The book Crisis of Character hasn’t even been published yet but today a group of former Secret Service agents will issue a letter strongly suggesting that author, Gary Byrne, is a liar. Politico, which got an advance look at the letter, reports:

On Tuesday, AFAUSSS, which is strictly nonpartisan, is set to release a statement blasting Gary Byrne author of “Crisis in Character,” saying members “strongly denounce” the book, which they add has made security harder by eroding the trust between agents and the people they protect.

“There is no place for any self-moralizing narratives, particularly those with an underlying motive,” reads the statement from the group’s board of directors, which says Byrne has politics and profit on his mind…

“One must question the veracity and content of any book which implies that its author played such an integral part of so many [claimed] incidents. Any critique of management by one who has never managed personnel or programs resounds hollow. Additionally, why would an employee wait in excess of ten years after terminating his employment with the Service to make his allegations public?” it reads.

This letter from the group of former agents suggests Byrne is lying without actually identifying a specific lie. The thrust of the argument, such as it is, is that Byrne was too low-level to have seen what he claims to have seen.

In fact, Byrne doesn’t claim to have personally witnessed all of the incidents mentioned in his book or to have been an “integral part” of all of them. For instance, earlier this month I wrote about excerpts from the book which dealt with a story involving Hillary Clinton and a broken vase. Byrne says he came in to work one morning and people were talking about a loud screaming match that took place the night before, i.e. he wasn’t there. But he wanted to know if the story of the smashed vase was true so he passed by the office of the White House Curator:

I peeked into the curator’s small, windowless ground-floor office across from the China Room and the Diplomatic Reception Room. It was cluttered with blueprints and history books on the every detail of the White House: fabrics, furniture, artifacts. Sure enough, there was a box containing a light blue vase smashed to bits. The rumors were true!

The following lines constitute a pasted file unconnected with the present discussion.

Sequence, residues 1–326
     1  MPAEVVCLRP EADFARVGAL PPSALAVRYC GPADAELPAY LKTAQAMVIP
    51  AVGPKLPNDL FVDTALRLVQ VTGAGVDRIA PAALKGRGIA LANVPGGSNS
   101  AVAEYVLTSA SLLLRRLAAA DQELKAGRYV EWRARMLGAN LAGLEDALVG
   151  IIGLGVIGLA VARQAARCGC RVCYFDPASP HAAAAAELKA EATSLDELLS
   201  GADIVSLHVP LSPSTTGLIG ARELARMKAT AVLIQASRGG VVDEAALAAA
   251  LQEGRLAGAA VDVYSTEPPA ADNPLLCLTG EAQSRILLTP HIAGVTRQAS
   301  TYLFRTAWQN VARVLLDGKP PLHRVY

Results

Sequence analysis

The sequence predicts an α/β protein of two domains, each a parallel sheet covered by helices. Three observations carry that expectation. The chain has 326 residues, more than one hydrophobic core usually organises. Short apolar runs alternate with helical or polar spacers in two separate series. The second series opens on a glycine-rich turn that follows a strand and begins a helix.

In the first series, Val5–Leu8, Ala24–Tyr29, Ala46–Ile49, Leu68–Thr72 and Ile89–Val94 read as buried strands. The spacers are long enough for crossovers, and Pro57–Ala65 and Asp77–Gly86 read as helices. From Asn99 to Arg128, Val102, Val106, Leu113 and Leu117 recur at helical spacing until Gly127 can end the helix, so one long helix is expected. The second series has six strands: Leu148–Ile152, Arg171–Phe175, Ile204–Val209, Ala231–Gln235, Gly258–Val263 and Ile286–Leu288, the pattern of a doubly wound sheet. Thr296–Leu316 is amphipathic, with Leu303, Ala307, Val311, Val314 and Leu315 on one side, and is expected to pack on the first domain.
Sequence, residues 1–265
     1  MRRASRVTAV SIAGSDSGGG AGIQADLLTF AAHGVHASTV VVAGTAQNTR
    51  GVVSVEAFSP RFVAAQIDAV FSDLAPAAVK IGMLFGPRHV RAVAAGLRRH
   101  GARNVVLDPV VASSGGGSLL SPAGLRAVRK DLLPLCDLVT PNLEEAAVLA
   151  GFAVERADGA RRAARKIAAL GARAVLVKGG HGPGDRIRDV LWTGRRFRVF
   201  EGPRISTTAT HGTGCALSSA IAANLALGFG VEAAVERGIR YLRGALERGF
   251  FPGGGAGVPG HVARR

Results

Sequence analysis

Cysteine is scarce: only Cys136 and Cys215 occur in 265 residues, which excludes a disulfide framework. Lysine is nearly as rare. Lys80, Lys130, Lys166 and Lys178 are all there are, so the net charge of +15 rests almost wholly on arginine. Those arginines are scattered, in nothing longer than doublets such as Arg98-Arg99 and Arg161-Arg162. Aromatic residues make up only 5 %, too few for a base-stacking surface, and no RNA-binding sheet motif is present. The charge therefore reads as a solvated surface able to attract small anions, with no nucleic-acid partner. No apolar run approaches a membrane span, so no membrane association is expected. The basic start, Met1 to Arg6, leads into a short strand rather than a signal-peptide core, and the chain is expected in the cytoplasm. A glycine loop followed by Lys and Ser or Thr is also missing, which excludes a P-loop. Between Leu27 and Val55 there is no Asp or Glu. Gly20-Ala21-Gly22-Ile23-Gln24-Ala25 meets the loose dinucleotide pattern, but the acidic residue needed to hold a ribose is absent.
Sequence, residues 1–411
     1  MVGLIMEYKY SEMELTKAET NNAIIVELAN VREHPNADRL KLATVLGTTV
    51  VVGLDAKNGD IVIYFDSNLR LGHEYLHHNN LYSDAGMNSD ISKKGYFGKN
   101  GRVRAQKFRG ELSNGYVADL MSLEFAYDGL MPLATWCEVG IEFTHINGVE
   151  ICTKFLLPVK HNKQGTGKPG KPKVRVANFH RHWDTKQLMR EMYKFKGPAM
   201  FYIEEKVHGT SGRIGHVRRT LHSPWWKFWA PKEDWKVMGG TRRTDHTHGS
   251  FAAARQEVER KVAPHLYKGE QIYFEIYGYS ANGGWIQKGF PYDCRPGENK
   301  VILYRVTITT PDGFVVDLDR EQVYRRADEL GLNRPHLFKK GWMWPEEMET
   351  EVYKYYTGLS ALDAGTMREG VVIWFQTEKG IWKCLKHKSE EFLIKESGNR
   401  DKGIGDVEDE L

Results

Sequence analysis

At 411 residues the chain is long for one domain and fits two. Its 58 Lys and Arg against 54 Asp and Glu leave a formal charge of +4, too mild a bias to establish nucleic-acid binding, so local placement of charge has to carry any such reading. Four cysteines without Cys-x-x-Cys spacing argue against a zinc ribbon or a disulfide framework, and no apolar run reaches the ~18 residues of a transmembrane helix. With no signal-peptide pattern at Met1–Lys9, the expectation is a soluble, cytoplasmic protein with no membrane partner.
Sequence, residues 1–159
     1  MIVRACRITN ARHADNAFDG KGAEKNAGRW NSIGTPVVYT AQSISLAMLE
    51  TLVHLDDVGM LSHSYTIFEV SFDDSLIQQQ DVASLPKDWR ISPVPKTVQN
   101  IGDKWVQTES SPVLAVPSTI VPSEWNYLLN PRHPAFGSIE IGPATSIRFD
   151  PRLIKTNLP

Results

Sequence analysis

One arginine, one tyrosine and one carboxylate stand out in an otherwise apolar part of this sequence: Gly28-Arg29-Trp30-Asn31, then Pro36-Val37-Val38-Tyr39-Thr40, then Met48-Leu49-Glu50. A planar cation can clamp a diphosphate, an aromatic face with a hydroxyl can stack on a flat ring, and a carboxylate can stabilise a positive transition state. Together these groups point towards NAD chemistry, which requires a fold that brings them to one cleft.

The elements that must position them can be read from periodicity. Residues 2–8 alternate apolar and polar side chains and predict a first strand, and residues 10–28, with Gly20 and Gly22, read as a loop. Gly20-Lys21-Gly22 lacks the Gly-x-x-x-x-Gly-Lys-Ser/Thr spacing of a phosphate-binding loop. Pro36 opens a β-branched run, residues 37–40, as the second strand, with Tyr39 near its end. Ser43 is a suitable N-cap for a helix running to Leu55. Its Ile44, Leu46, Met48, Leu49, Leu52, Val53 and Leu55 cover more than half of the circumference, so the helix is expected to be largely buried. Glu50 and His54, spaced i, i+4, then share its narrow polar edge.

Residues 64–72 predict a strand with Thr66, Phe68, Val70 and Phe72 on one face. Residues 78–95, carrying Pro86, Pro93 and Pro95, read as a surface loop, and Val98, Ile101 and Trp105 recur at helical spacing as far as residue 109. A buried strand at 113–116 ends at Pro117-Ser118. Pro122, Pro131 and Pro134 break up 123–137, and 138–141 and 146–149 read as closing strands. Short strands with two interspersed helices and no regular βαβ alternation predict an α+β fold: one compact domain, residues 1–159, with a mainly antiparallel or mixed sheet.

So in this case Byrne didn’t claim to have heard the shouting only to have seen the aftermath. Is there any reason someone in his position couldn’t have stopped by the curator’s office and seen this? The letter doesn’t seem to offer any reason to believe this story isn’t true.

The letter also takes issue with a story published by the New York Post over the weekend which claims Byrne walked in on Bill Clinton fooling around with Eleanor Mondale in the White House Map Room. Again, the letter from the former agents suggests Byrne is lying but it doesn’t actually offer any proof he didn’t see what he claims to have seen, much less that the affair didn’t happen.

Byrne’s publicist tells Politico, “The Clintons always trash the messenger.” She adds, “This is the first of many Clinton-directed media attempts at character assassination.”

I’ve asked this before but at one point does Bill Clinton stop getting the benefit of the doubt when it comes to affairs? He has been accused of propositioning, groping, even rape. At what point do his denials and those made on his behalf start to ring hollow?